Kids in league all their own
A GAME of rough-andtumble street footy on Friday after school was a weekly highlight.
The keener boys would round up the more reluctant ones and – young or old, big or small – there was a place for anyone in our teams.
Many boys proudly wore their favourite league team jumpers, mostly of Port Adelaide or West Torrens.
No wonder. At that time, Port Adelaide seemed to win premiership after premiership and both teams boasted star players, including Geof Motley for Port and Lindsay Head for Torrens.
My own West Torrens Eagles jumper (how I loved the yellow eagle on the front) was worn for year after year until it was threadbare.
If Friday afternoon was our passion, it was a pain for many of the neighbours, many of whom took pride in their gardens.
They hounded our parents, who hounded us, so that the game moved up and down the street from week to week.
It wasn’t only gardens that took a beating. During one game, a high kick struck a Stobie pole and knocked out power to the whole street.
Roger Nunn, a brilliant school footballer, whose passion later turned to golf, captained one team and myself the other.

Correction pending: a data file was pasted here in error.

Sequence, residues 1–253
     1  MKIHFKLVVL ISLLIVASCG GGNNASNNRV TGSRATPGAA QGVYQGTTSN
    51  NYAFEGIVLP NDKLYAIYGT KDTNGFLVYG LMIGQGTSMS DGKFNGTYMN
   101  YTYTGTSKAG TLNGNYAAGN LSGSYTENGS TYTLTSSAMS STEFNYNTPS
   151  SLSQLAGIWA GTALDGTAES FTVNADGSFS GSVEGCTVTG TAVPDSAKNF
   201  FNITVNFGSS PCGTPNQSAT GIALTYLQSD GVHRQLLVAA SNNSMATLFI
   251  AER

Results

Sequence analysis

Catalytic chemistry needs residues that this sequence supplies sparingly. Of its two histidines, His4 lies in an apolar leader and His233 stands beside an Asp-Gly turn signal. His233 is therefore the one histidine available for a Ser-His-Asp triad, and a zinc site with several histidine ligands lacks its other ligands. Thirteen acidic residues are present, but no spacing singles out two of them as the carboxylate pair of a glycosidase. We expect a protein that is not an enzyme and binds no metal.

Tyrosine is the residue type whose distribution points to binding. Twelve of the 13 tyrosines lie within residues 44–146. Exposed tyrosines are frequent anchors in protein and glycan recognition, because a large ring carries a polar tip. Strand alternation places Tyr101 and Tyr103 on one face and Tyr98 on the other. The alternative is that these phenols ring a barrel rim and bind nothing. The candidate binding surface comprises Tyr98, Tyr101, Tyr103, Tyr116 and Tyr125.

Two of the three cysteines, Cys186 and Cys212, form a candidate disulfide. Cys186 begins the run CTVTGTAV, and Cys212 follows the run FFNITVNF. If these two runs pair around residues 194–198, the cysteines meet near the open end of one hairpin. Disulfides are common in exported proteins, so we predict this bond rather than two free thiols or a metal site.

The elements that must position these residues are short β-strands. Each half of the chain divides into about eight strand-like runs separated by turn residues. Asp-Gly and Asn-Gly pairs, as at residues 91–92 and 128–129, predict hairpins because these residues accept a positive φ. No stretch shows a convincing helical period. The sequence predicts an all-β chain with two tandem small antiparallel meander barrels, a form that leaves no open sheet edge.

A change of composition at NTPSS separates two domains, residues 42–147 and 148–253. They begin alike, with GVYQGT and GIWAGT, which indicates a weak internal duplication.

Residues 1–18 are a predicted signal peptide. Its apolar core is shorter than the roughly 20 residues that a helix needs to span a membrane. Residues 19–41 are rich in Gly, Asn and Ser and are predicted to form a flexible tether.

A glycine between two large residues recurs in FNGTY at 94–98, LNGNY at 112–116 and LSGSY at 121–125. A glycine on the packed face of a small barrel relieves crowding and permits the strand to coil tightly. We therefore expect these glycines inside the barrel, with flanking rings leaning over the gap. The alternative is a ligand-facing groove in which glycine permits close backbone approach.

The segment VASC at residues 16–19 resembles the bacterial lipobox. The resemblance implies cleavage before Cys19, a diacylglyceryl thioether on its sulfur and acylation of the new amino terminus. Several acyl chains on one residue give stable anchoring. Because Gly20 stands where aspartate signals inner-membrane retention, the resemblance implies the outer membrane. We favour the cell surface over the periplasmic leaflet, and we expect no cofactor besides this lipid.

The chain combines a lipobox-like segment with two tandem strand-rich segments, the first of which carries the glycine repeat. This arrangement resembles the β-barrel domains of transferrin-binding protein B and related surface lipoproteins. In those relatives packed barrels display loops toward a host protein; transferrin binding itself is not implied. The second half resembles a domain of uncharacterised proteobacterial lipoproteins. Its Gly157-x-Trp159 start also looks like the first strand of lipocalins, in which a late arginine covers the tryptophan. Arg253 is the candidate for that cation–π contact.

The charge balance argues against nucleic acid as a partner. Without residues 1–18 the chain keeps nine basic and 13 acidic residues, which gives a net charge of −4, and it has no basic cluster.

My team rarely won, but that was OK. I loved the game and every week I lived in hope. Robert Skewes
Craigmore January 1). As a very young lad in the 1940s, I visited an uncle and aunt of mine at McLaren Vale.
There were four sons who were all members of the OBI. My aunty took us to spend a few days y at the OBI camp at Victor Harbor, on the corner of Hindmarsh Rd and The Parkway. The Wintersun Motel now stands on the site. The camp was managed by a grand old man called “Pop” Burgess, who was a close friend of my aunty’s family. As I recall, he was the father of radio personality Jack Burgess. I recall Pop taking us over the road to the Hindmarsh River to try our hand at fishing. Some years later, I was staying with my aunt when news came through that Pop had passed away. Jack Burgess came over from Sydney for the funeral and stayed a night with my aunt. I love your pages and it gives me some great memories of those old days. Ian Hales Nailsworth
LITTLE LEAGUE: Stuart Watson, left, contests a bounce with Robert Skewes, as friend Geoff Crocker acts as umpire in a paddock on Oval Ave, Woodville.